Grade Meanings and Learning Outcomes
What do grades reflect for the Department of Political Science?
A+ means the student has completed advanced and exceptional performance on all course objectives.
A means the student has completed proficient work on all course objectives and advanced work on some objectives.
B means the student has completed proficient work on all course objectives.
C means the student has completed proficient work on the most important objectives, although not all objectives. The student can continue to the next course if this is a prerequisite.
D means the student has completed proficient work on at least one-half of the course objectives but is missing some important objectives and is at significant risk of failing the next course in the sequence. The student should repeat the course if it is a prerequisite for another course.
F means the student has completed proficient work on fewer than one-half of the course objectives and cannot successfully complete courses for which this course is a prerequisite.
What are the learning outcomes for the Political Science Major?
The Department of Political Science seeks to help students recognize the role that politics plays, and has played, in much of human society. The department’s goal is that students in political science courses—and particularly those who major in political science—develop an understanding of the who, why, and how of politics. The department recognizes the value of developing such an understanding through the study of modern and historical political theory; of local, state, and federal realms within the United States; of the political systems of different countries; of international relations among states; of public policy development; and of formalized modeling of political interactions. The department also recognizes that the study of political dynamics can and should include a focus on government itself but should also include the politics of race, class, sexuality, and other forms and intersections of marginalization, especially in regard to interactions among actors who have no official roles in government but play crucial roles in governance at all levels.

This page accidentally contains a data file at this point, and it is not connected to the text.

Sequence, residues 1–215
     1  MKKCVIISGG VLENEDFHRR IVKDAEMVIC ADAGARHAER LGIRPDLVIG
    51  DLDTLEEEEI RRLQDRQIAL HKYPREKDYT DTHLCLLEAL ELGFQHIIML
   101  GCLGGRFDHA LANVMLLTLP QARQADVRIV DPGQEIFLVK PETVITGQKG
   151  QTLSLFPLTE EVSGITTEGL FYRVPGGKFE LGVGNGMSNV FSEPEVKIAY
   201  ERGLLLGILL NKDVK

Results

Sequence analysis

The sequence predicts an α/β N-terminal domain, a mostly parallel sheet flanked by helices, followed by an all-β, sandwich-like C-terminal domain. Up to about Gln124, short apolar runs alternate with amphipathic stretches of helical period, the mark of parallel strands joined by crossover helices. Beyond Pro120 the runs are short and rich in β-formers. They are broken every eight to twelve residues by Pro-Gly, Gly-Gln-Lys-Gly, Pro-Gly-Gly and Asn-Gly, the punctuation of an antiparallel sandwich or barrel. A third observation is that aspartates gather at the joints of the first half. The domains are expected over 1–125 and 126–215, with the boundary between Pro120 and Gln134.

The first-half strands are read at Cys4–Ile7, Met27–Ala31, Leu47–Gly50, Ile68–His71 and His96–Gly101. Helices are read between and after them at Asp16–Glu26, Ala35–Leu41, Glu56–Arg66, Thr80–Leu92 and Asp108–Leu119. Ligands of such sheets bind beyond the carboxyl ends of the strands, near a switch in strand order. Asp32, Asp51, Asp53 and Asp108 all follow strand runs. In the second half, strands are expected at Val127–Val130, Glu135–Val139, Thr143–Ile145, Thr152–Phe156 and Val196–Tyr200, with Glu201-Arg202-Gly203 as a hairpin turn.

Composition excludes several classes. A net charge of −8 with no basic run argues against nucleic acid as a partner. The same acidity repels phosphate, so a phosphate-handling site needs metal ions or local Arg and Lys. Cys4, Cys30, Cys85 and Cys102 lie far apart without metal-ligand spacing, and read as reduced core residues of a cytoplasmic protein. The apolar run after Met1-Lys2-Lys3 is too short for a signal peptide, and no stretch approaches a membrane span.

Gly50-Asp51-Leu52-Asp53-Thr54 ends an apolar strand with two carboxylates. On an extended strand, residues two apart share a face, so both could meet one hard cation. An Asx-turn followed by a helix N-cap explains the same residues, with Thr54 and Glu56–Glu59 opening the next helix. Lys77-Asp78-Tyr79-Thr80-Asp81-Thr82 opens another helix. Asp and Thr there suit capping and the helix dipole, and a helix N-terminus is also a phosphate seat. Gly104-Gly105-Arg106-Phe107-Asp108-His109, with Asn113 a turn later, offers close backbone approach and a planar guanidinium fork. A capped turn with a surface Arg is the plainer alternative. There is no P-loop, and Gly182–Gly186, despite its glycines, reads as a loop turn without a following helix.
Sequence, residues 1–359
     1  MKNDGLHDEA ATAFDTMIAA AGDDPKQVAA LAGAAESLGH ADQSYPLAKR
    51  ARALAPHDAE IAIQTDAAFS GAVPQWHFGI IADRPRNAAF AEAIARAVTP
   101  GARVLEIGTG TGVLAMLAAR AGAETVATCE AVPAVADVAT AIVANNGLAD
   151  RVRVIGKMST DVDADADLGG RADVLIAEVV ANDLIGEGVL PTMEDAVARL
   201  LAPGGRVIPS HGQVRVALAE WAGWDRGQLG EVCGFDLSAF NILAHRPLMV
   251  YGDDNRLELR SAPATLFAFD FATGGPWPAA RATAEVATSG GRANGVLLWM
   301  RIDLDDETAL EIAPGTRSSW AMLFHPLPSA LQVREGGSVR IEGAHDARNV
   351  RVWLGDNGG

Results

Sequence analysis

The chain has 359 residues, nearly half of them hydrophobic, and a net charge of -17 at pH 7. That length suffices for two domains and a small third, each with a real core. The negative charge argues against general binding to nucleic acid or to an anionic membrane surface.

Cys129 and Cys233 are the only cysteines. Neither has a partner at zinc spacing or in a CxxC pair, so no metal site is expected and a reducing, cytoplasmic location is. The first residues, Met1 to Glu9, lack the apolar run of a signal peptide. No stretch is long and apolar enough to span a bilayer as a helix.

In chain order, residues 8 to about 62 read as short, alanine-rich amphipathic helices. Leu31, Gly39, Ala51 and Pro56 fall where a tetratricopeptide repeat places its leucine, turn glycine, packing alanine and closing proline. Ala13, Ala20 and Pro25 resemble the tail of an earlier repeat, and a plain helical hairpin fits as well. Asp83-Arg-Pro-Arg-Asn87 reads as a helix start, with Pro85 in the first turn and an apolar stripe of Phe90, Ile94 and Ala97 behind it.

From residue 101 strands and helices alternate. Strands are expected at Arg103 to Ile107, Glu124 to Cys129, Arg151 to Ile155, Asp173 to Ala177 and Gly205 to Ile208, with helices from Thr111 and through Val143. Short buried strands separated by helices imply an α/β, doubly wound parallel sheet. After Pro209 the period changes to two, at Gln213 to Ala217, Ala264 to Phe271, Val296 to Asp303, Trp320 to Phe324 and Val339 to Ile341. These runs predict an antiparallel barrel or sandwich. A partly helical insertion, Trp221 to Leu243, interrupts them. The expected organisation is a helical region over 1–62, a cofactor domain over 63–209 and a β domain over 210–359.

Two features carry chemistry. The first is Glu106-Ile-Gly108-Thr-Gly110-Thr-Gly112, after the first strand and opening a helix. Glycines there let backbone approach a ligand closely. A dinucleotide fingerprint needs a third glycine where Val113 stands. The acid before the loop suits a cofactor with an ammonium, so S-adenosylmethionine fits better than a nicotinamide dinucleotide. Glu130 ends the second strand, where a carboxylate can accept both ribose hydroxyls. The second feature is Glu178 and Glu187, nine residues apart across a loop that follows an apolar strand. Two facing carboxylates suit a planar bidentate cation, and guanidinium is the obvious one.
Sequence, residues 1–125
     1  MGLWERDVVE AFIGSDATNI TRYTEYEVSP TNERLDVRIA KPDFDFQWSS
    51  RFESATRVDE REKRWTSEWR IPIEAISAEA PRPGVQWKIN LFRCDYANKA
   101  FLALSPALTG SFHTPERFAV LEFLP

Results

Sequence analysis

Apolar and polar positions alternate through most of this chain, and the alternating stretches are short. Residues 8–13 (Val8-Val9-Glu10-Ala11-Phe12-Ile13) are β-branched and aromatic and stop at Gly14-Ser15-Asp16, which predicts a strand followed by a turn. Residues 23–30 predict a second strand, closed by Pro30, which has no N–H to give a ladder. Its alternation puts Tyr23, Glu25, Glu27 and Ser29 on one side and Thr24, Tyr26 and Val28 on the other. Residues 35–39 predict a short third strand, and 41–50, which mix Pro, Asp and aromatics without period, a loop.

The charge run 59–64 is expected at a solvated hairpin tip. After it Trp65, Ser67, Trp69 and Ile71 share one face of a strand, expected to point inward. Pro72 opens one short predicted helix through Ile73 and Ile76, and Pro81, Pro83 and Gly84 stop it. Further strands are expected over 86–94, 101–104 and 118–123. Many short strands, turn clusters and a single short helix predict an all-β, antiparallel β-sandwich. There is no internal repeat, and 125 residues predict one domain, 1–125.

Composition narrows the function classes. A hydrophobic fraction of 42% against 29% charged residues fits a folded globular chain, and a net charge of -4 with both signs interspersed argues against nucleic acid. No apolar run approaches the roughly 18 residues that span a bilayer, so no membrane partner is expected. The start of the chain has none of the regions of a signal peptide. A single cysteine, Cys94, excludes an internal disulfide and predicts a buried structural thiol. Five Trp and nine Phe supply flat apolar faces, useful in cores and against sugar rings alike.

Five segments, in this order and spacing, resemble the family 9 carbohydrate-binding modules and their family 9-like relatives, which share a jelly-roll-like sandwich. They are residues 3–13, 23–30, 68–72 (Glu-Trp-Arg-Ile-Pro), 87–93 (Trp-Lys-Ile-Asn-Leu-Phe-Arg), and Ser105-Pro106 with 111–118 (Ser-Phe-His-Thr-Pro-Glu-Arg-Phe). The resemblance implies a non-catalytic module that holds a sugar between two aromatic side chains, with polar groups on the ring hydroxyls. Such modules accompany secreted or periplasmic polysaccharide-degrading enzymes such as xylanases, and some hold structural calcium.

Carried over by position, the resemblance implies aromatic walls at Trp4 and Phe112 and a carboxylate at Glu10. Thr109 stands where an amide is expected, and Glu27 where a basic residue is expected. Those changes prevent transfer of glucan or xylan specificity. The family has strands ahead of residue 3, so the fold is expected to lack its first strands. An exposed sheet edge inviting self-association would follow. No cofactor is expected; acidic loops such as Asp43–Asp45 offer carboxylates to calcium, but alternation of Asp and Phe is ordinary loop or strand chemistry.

The Department has identified several objectives for what we hope students will learn by taking political science courses and by majoring in political science. Students can expect each political science course to help them make progress toward one or more of these learning objectives. Political science majors can expect and should aspire to make progress on most or all of the following objectives in completing their degree.
Departmental Learning Outcomes
1. Recognize and describe major variations in political institutions and policy processes
- including variation over time among democracies, between democratic and non-democratic systems, across issue areas within countries, and across levels of governance from local contexts to the global arena.
2. Recognize the roles played by various actors, groups, and movements in political and cultural processes
- including the social and material power resources to which they may have access, and factors that advantage certain social groups and exclude or marginalize others.
3. Identify the defining principles of major political ideologies and apply their perspectives to political issues
- including liberalism, conservatism, socialism, fascism, etc.
4. Describe how power, agency, and authority are constituted, disseminated, and exercised
- including similarities and differences within and across groups, countries, and in the international arena.
5. Analyze, interpret, and explain why and how political processes or policy outcomes vary
- including across countries, policy realms, and time.
6. Construct a sustained argument evaluating a theoretical claim against alternative theoretical traditions or perspectives and appropriate evidence
- including in a written paper, oral presentation, or other creative output.
7. Identify and describe several analytical methods that political scientists use to study political phenomena.
8. Demonstrate engagement with social and political issues
- including through politically-related employment or internships, regular critical reading about current events, or other forms of policy and political experience.
9. Produce clear and professional verbal and written communication
- including in the form of policy memos, individual or collective presentations, or research papers.